Mother of Pearl Facts and Photos
Mother of Pearl also Known as Nacre
Mother of pearl also known as nacre (pronounced NAY-ker) is a naturally occurring iridescent substance that lines the shells of some fresh and saltwater molluscs. It's the inner layer of their shells.
Mother of pearl is widely used as a decorative material in jewellery, inlay work and other decorative items. Similar to a spider's silk it's an exceptionally strong resilient material with a unique play of colour. The colour can vary depending on the species of mollusc and conditions in which it was formed.
Mother of Pearl is composed of thin layers of the mineral aragonite. These are stacked and held together by a protein called conchiolin. The combination of the layers and the way they're stacked gives mother of pearl its unique iridescent properties.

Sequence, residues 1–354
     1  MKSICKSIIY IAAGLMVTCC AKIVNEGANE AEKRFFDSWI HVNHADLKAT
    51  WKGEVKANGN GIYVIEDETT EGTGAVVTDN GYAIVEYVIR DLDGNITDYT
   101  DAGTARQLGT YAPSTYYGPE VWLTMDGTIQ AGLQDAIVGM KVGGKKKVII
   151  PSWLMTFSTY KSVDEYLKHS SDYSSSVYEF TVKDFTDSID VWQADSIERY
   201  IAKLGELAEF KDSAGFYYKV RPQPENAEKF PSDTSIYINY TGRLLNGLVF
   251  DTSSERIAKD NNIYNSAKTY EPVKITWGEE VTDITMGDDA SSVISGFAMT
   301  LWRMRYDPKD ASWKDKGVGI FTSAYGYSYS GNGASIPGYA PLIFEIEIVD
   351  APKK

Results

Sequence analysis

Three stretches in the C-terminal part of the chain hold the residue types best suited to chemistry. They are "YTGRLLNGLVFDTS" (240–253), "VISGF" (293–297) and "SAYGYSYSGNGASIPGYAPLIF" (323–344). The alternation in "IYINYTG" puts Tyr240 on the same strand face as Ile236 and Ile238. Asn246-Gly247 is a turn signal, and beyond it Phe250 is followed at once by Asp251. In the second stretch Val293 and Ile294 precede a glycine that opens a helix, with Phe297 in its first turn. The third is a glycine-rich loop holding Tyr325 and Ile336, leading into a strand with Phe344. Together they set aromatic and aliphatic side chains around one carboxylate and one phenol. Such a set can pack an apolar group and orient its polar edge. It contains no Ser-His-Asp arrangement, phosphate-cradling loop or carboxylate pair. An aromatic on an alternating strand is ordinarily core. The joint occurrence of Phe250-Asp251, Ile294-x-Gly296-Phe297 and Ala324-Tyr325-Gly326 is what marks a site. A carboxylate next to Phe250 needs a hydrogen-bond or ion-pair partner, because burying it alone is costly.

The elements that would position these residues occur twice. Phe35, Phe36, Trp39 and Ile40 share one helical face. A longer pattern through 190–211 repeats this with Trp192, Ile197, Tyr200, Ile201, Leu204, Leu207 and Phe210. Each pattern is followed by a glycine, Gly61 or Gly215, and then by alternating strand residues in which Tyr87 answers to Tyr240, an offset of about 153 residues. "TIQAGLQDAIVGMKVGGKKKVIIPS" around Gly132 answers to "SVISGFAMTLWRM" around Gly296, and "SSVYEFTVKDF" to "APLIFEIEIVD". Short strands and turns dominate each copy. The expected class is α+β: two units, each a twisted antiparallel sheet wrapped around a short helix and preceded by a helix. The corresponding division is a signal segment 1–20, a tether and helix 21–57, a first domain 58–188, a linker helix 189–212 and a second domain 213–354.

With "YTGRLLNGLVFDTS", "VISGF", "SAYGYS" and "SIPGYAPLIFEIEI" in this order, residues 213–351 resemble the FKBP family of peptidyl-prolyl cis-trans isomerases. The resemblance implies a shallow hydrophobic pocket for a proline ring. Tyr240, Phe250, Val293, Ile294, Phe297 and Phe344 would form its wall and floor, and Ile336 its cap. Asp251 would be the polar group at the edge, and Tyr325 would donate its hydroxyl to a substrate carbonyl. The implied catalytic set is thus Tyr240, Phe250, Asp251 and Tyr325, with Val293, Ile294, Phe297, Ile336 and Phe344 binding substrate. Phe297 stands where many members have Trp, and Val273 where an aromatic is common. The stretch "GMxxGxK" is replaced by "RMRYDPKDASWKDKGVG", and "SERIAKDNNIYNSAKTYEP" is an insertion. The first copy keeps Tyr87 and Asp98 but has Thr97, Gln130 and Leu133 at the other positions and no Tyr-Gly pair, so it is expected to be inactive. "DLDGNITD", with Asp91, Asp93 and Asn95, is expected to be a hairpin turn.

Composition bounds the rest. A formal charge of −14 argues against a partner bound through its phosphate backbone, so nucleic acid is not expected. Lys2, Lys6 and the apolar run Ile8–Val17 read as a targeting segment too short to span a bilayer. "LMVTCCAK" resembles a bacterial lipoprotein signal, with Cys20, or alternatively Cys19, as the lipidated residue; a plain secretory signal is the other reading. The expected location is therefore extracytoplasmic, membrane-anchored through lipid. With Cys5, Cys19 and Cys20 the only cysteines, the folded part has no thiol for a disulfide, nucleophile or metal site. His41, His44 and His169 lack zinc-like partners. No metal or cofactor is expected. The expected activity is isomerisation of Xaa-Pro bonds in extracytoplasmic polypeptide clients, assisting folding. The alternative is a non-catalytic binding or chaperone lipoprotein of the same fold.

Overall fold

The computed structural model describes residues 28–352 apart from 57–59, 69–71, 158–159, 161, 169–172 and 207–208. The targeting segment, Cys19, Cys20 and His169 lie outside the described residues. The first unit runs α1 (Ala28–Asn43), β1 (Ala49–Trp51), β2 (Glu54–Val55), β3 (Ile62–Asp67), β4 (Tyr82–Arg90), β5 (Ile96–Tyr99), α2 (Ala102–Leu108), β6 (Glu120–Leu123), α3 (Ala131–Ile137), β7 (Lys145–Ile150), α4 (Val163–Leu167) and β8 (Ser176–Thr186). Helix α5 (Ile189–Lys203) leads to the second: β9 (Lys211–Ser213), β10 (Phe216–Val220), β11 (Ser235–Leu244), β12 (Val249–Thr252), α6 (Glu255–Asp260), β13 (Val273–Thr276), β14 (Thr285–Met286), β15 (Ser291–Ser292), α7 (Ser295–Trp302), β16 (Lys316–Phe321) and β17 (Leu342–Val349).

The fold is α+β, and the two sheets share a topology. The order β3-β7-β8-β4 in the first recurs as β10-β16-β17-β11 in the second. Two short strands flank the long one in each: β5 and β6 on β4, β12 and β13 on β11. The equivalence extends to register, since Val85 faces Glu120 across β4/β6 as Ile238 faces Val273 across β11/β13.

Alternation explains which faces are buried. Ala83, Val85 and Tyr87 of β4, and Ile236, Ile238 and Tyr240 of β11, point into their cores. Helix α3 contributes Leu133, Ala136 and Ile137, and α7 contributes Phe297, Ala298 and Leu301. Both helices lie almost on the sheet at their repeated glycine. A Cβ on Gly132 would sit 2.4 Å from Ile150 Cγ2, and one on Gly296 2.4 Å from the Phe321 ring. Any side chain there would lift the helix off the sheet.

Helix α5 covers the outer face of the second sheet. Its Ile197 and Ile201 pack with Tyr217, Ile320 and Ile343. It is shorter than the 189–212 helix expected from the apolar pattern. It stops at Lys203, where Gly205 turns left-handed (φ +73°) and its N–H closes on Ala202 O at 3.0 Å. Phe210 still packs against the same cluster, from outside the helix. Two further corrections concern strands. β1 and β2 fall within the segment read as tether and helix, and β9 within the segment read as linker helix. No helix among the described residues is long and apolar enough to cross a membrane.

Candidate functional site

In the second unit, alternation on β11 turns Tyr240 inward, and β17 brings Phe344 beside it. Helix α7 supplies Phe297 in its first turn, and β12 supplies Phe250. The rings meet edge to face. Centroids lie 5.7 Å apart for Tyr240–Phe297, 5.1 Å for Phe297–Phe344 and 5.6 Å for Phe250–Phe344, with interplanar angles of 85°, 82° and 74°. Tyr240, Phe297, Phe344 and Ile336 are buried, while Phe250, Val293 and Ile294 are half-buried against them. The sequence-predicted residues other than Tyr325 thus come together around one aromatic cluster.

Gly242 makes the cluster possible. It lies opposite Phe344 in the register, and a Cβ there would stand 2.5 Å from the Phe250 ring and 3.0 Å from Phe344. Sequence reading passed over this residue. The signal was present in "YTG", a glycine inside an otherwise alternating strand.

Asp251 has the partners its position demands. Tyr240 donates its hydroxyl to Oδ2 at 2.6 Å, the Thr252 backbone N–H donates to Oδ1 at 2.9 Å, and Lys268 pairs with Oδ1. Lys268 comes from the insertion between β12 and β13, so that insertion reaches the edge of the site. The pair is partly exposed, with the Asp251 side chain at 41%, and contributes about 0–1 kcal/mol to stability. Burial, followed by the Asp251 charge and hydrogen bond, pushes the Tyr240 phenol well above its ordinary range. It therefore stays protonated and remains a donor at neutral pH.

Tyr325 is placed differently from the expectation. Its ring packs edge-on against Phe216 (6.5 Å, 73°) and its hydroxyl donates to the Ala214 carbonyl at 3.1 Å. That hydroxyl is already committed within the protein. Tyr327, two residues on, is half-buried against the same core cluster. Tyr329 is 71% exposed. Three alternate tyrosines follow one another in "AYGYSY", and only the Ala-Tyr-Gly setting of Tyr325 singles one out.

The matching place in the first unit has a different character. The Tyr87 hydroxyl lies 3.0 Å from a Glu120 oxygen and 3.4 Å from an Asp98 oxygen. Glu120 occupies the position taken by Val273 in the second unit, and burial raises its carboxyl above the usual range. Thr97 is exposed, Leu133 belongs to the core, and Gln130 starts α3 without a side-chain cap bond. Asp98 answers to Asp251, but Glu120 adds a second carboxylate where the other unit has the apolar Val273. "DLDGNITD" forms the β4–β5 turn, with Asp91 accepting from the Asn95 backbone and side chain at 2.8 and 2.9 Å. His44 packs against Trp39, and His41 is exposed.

Mother of pearl comes predominantly from the shell of the pearl oyster, freshwater pearl mussel and abalone. Abalone is a type of gastropod or sea snail.
Mother of pearl is known to have been used at least as far back as 4200 B.C. More recently it was widely used by the Ottoman Turks during the 15th century. Koran cases, writing desks, chests, shutters for windows and doors, pulpits and lecterns were all made from mother of pearl. It was was also used in the architecture and decoration of mosques and palaces.
Mother of pearl buttons were a major business in the early days of Illinois in the USA. Precise information about how early the industry began is vague but it's known to have been in progress during the early 1900's.
America was exporting billions of tons of mother of pearl buttons all over the world up until World War II. After the war the industry was pretty much wiped out. This was because of the introduction of newly invented plastic.